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Til Work Do Us Part: The Social Fallacy of Long-Distance Commuting

  • Erika SandowEmail author
Chapter

Abstract

This chapter focuses on the social implications of long-distance commuting on commuters and their spouses in Sweden. In a nationwide study, the extent to which long-distance commuting increases the odds that couples will separate is investigated through event history analysis. Discrete-time logistic regression models were employed with longitudinal data on Swedish couples in 2000 to explore the odds of separation following long-distance commuting during 1995–2005. As expected, the results show that separation rates are higher among long-distance commuting couples compared with non-commuting couples. More complex results show that for men the odds of separating are highest if the commuting is on a temporary basis and that women’s odds decrease when they continue commuting for a longer time period. The long-distance commuting effect on relationships also varies depending on residential context.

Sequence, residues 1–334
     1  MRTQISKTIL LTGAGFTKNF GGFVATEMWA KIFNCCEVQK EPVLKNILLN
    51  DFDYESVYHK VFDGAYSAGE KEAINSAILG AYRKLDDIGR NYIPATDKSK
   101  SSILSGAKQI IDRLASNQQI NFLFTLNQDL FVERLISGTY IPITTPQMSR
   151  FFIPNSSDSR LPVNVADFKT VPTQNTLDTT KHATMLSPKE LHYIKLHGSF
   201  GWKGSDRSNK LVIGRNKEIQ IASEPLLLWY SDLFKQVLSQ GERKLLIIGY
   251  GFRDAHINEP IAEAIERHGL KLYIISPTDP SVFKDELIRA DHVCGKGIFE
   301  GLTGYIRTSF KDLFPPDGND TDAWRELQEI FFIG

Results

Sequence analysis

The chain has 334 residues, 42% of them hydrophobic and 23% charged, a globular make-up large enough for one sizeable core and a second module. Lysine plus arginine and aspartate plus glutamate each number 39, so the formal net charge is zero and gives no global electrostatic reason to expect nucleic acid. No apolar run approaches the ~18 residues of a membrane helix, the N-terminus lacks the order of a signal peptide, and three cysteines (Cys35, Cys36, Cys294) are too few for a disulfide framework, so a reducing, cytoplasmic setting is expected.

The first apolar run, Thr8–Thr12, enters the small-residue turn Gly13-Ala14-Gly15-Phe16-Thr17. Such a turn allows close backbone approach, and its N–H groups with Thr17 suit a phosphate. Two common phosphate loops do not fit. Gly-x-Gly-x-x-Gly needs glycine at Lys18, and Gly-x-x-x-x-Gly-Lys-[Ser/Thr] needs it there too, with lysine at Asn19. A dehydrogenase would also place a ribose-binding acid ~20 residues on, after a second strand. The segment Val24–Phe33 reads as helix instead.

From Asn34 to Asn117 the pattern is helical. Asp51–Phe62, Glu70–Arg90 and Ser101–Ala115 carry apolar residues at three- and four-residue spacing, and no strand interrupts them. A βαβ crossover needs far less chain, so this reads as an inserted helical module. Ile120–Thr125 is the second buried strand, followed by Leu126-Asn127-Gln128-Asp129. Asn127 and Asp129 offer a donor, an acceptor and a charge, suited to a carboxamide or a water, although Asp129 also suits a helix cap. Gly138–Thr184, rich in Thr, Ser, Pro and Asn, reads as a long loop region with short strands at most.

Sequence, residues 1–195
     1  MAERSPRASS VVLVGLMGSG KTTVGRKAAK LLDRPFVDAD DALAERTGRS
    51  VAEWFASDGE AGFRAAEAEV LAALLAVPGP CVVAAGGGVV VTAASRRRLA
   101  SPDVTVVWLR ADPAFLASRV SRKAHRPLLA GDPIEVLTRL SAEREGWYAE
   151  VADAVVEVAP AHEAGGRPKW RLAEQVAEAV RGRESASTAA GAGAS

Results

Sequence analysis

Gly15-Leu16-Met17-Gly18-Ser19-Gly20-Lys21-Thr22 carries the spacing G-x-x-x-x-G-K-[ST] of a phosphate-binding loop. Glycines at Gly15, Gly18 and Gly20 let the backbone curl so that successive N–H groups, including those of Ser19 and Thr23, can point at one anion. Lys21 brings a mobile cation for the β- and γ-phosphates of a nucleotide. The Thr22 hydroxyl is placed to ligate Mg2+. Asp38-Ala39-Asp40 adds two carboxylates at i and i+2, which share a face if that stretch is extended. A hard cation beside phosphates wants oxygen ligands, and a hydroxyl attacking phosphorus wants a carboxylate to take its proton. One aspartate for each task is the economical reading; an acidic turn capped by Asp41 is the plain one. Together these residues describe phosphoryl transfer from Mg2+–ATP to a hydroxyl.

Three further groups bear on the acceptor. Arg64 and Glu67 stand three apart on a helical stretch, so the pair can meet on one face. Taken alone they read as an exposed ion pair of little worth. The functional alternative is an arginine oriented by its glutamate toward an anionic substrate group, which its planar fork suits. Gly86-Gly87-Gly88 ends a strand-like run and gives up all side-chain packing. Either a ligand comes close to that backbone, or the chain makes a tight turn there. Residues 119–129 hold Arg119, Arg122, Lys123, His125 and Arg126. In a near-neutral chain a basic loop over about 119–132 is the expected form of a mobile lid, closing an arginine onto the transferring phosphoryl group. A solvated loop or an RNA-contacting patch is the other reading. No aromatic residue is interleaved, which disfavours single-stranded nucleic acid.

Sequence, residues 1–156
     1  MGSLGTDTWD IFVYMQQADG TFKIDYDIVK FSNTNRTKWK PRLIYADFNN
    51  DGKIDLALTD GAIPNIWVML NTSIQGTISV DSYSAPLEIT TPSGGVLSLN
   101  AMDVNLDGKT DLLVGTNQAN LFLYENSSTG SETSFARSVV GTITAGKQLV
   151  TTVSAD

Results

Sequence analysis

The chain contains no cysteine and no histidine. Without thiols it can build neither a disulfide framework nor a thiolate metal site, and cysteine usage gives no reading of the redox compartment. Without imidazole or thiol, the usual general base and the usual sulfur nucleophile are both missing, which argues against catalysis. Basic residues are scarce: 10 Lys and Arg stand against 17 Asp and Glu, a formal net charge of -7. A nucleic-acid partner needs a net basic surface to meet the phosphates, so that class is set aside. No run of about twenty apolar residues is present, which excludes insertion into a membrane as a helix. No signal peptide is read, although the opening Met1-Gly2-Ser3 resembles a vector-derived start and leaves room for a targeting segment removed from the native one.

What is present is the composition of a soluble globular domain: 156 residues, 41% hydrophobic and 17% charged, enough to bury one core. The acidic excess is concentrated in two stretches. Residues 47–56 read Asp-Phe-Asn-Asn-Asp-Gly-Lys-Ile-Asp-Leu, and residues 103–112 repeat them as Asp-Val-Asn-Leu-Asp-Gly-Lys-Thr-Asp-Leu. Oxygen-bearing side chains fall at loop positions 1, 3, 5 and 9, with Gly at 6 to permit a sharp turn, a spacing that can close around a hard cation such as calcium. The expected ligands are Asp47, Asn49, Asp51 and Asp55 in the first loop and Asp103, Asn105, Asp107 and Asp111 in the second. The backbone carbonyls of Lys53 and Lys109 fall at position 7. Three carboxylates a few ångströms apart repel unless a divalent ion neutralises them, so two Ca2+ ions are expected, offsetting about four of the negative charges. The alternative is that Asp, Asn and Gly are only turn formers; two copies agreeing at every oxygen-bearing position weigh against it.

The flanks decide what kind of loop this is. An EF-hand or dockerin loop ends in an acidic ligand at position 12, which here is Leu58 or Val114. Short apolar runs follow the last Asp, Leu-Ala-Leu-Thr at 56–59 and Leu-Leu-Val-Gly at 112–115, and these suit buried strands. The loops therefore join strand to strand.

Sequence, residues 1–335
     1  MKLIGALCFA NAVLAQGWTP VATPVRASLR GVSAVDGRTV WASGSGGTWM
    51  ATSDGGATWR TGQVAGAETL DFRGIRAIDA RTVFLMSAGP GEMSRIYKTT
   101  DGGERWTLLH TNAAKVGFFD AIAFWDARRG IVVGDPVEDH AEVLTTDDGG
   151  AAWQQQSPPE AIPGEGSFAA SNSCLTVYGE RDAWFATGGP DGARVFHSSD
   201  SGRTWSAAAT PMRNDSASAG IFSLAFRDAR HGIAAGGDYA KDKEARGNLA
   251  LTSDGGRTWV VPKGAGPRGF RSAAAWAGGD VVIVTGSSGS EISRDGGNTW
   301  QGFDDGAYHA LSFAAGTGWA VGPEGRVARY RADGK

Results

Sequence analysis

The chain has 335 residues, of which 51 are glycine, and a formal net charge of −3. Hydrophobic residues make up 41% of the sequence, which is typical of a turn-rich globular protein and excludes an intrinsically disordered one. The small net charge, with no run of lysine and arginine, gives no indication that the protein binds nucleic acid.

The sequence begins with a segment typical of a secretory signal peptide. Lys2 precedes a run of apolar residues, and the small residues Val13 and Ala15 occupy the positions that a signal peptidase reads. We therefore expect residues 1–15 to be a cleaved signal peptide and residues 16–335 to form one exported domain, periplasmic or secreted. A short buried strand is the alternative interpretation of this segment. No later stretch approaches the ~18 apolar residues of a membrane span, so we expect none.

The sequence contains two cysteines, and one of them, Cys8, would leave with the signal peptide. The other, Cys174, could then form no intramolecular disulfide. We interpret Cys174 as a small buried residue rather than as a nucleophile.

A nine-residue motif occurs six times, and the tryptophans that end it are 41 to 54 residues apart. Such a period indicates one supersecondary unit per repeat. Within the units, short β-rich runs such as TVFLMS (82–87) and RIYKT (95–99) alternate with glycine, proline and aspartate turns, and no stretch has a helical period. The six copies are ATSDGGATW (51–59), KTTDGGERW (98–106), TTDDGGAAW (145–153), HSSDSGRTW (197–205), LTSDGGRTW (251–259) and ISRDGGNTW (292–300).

Keywords

Long-distance commuting Social costs Household separations Longitudinal study Event history analysis 

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Copyright information

© The Author(s) 2019

Authors and Affiliations

  1. 1.Department of Geography and Economic History/Centre for Demographic and Ageing Research CEDARUmeå UniversityUmeåSweden

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